Lee Clow Will Only Say This Once: A New Podcast About the Ad Legend's Life and Career

Muse sits down with the soul of TBWA\Chiat\Day for a conversation spanning half a century

Lee Clow usually prefers to let the work speak for itself. 

And what a body of work he's produced. Across half a century, almost all of it at what is now TBWA\Chiat\Day, the art director from West Los Angeles has built a reputation as one of industry's towering figures—one of the all-time greats, in the company of Bernbach and Wieden. 

His iconic ads for brands like Apple, Adidas, Energizer and Gatorade are some of the most famous work ever made. In particular, his 30-year relationship with Steve Jobs—producing classics like "1984" and "Think Different"—is the stuff of legend. (Jobs once said Clow could see the brand like no one else—more clearly than Apple itself—and called working with Lee "one of the most wonderful experiences of my life.") 

Clow is famously reticent about all this. But this year, on the occasion of Chiat/Day's 50th anniversary, he agreed to talk about it all—but just this once.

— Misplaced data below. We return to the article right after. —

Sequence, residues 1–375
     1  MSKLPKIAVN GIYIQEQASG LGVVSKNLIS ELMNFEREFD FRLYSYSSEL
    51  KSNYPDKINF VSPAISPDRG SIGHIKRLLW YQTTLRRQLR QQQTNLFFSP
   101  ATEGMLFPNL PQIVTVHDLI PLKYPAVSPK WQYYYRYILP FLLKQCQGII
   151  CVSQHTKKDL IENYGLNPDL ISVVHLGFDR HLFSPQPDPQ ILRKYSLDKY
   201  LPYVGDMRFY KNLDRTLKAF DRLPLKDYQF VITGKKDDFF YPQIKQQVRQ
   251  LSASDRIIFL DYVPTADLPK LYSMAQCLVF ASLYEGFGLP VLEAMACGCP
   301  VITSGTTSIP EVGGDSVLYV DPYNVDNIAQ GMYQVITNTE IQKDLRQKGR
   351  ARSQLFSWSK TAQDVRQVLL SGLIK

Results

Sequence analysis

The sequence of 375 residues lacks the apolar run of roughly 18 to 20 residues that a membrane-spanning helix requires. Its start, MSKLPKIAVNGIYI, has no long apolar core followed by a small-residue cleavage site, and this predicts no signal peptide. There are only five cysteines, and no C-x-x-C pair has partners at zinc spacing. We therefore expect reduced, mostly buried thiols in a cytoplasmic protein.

I had the great pleasure of sitting down with Lee at his Rancho Palos Verdes home for several days in September to chat about his career. Recordings of those conversations—and one more in New York, on stage at Advertising Week—are the basis of a new podcast called "Lee Clow Will Only Say This Once." 

Listen to the first four episodes below, and the rest on iTunes, Google Play or Spotify.

The idea was for Lee to field 50 questions from the industry—from friends and colleagues, but also through social media. We mostly stuck to this, though we surely went over 50. 

And why not? Lee has plenty of great stories to tell, from his early years at Chiat, including his unconventional campaign to convince then-creative director Hy Yablonka to hire him, through his most classic campaigns all the way to his recent years spearheading TBWA's purpose-driven unit MAL\For Good. 

Along the way, he touches on issues big and small, opening up about everything from his creative process, to TBWA's 1995 acquisition of Chiat/Day, to the diversity problem in the ad business, to his favorite social media feeds. 

I'd like to say a big thank-you to TBWA—particularly Erica Samadani, Ewan Anderson and Nicole Alexander, as well as everyone else who worked on this project—for recording and producing the podcast. And of course, many thanks to Lee for taking the time to share his wisdom. 

And listen up, because he's only going to say this once. 

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Tim Nudd
Tim Nudd is editor in chief of the Clio Awards and the founding editor of Muse by Clio.

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